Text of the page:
I have lived under the influence of Type 1 diabetes since 1962. When you have Type 1 diabetes, the beta cells in your pancreas do not produce insulin. Insulin is the hormone that turns sugars and starches from the food you eat into fuel for the body’s cells. Your body must have that fuel or energy to survive.
My experience with diabetes in the ‘60s and ‘70s was a time we now refer to as the “Dark Ages of Diabetes Care.” It waswhen we boiled glass syringes to sterilize them and used long thick 23-gauge steel needles for shots of cloudy insulin every morning – OUCH!
There were no home blood glucose meters, very little diabetes education and certainly no advanced technology. You were, more or less, a slave to your insulin, obeying the commands of its peaks and valleys. If you didn’t comply, you could run into dangerous low blood sugars called hypoglycemic reactions, which could cause you to pass out and possibly lead to coma or death. The daily regimen of living with diabetes was not fun at all – especially for this free-spirited teenager. I was used to big family meals and couldn’t or wouldn’t give into bland graham crackers and a glass of skimmed milk as was directed for a bedtime snack. I was pretty miserable. I went to sleep remembering the days when I could eat hot fudge sundaes with abandon.
Things changed when one day I realized that this dragon called diabetes would be around every morning when I woke up and every night when I went to sleep. What to do, what to do?! I decided to become friends with it and understand that diabetes is not a death sentence, but a new way of looking at life. I could live my dreams and have diabetes at the same time. I had to be aware and not do things that would tempt the dragon to spit fire. This attitude of basic healthy living has guided me down many winding roads and pathways that have led to:
• Becoming an accomplished professional chef and caterer
• Embracing distance walking (Some highlights include: my first marathon in Denmark in 2005 and a 32-mile walk around the rim of Manhattan Island every spring)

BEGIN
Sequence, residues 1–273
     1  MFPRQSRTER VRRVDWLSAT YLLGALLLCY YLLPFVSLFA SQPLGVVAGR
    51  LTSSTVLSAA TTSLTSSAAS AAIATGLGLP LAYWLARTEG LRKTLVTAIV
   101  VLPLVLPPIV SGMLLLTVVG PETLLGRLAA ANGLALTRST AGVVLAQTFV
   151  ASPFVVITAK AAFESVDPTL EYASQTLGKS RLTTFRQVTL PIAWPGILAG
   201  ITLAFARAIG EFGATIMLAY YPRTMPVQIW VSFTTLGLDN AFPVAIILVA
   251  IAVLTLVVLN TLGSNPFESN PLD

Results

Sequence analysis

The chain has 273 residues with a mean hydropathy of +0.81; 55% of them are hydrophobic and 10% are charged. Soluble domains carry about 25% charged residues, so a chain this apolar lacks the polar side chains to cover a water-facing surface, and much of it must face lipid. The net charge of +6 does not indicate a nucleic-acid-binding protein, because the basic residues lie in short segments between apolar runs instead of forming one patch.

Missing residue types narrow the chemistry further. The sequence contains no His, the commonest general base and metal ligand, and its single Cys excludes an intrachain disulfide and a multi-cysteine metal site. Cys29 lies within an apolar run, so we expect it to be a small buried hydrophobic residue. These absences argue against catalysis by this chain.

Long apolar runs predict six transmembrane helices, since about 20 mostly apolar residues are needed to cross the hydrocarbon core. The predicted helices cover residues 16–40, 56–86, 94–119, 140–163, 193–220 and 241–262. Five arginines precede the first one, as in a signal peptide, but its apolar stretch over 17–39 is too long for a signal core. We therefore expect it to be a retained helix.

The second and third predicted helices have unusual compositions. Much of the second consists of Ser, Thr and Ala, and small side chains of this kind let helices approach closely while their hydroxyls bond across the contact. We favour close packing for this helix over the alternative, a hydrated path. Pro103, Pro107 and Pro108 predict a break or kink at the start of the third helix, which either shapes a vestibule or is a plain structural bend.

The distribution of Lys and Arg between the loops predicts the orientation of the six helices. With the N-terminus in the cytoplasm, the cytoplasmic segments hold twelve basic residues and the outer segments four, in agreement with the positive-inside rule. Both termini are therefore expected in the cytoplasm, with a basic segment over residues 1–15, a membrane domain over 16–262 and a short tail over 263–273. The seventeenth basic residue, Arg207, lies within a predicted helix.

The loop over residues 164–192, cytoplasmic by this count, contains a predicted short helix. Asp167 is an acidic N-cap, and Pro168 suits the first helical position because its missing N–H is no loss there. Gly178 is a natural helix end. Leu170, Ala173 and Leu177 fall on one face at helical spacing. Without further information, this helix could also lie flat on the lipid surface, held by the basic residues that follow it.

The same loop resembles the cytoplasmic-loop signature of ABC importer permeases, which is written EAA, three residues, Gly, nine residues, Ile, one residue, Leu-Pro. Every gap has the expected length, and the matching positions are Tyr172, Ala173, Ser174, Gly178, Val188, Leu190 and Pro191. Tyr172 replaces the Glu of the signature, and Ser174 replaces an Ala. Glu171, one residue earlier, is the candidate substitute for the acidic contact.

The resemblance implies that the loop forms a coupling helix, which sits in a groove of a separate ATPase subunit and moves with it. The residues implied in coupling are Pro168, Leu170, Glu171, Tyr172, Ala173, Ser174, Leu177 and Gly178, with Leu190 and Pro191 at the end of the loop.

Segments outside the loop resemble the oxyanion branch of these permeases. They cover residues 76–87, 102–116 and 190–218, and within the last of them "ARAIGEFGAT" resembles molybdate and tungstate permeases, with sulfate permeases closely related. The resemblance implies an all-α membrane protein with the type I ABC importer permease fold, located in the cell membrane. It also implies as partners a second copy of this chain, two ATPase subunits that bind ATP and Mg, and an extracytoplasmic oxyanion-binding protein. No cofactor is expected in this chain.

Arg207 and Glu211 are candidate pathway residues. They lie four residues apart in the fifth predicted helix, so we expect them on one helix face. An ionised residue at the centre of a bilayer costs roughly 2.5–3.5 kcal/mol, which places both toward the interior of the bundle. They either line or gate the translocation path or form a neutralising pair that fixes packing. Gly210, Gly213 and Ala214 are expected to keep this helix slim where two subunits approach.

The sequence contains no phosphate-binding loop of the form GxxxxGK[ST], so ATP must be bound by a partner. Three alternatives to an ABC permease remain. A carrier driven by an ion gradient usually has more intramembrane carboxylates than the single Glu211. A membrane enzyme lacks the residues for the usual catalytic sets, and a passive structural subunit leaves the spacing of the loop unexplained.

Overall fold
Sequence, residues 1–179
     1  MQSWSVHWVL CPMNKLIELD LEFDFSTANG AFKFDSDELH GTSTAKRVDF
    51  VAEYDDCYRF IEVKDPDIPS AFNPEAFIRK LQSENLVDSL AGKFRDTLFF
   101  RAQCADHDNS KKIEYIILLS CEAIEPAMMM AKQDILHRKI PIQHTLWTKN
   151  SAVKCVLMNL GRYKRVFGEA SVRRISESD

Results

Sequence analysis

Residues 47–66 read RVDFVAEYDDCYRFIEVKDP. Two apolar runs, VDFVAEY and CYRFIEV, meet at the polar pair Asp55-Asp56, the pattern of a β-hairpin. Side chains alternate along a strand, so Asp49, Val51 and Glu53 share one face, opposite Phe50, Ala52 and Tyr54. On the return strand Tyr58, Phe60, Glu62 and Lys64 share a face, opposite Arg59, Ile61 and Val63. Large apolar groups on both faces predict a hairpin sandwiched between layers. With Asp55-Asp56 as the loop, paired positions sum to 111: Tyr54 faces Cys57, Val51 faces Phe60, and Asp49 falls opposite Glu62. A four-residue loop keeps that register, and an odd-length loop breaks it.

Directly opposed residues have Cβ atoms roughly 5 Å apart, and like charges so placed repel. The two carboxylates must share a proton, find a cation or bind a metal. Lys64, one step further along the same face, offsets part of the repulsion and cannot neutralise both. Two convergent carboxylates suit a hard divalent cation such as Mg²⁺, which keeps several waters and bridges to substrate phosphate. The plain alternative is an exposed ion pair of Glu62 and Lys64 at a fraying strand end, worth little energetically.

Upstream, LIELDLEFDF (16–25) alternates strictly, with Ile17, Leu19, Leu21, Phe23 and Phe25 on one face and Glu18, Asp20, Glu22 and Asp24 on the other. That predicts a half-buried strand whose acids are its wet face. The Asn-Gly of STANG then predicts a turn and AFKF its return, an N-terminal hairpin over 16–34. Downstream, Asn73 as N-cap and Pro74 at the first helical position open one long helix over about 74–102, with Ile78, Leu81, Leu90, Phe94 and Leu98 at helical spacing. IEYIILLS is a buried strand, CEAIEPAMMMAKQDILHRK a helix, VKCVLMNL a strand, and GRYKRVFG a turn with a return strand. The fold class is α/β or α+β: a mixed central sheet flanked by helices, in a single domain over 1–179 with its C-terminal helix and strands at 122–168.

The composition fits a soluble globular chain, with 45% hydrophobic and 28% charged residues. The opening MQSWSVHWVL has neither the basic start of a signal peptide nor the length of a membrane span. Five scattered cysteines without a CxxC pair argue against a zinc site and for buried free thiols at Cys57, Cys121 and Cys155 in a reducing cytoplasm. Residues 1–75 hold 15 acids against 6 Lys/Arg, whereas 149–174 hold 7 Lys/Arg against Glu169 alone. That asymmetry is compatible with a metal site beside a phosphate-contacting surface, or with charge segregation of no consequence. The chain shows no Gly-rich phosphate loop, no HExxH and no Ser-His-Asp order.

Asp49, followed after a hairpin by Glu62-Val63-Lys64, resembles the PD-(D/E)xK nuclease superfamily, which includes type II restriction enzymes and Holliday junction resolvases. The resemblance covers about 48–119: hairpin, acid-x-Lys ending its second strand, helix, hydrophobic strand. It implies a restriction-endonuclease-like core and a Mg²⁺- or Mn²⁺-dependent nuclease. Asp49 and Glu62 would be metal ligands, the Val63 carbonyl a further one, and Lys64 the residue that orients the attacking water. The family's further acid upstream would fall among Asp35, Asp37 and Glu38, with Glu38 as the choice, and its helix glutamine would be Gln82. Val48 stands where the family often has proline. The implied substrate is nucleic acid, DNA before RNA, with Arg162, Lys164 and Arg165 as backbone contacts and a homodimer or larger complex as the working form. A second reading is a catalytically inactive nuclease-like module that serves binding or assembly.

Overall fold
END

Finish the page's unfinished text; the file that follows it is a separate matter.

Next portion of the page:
• Advocating and practicing daily physical activity including dance, “playing” and teaching tai chi, and cycling
• Putting my English major background into practice in multiple formats as a diabetes journalist; writing about exercise and healthy cooking and how it relates to the good life with diabetes in online and hard copy publications. My proudest professional writing achievement came in 2014 with the publication of my book, The Sisterhood of Diabetes –Facing Challenges & Living Dreams; featuring 38 inspiring life stories of female athletes with diabetes.
I enjoy sharing the knowledge I’ve gained living with diabetes for over 50 years by being active in the Diabetes community and giving back. I have served on boards of the ADA (American Diabetes Association)New York Affiliate, and DESA (Diabetes Exercise and Sports Association). I contribute healthy lifestyle talks, podcasts and radio shows with Divabetics. I enjoy teaching Tai Chi at Diabetes Sisters and TCOYD conferences. In 2004, I was awarded the “Lilly for Life” achievement award and was chosen as a “calendar girl” for Medtronic’s Helping Hands calendar. My husband Danny and I are part of Sports Central at Children With Diabetes yearly Orlando conference and I am a founding member of Wise Women of Diabetes retreats.
Living with diabetes today is almost a cakewalk compared to the dark ages fifty years ago. When people ask about a cure for diabetes, I say the cure today is the fantastic and ever advancing technology. For someone of my generation, I have become a real diabetes techie. I want it all. I keep up with the latest research. I connect with others who live with diabetes. There is a tremendous support system in the diabetes community available to all who seek it out. Insulin and medications have improved greatly. Home blood glucose meters are more accurate and easier to use. Insulin pumps greatly improve controlling blood sugars. Work on an artificial pancreas is surging and my favorite tool of all is my Dexcom continuous glucose monitor. Dexcom’s G5 Mobile CGM is a continuous glucose monitor that is a small platinum wire that I insert just under my skin that reads my glucose levels. These sensors last seven days and every five minutes the glucose readings are wirelessly sent either to a small receiver or directly to an app on my smartphone. It lets me know when my blood glucose is rising or falling – in other words it tracks my blood sugars as theychange. With this vital information I can make quick adjustments to insulin, food and exercise, the key hallmarks of diabetes care. I can even share my glucose readings in real time with my loved ones on their smartphones, so they know I am safe when we are not together.
My advice to others who live with the diabetes dragon is that through mindful and creative diabetes management and a positive attitude you can improve and enjoy your world as you move forward.
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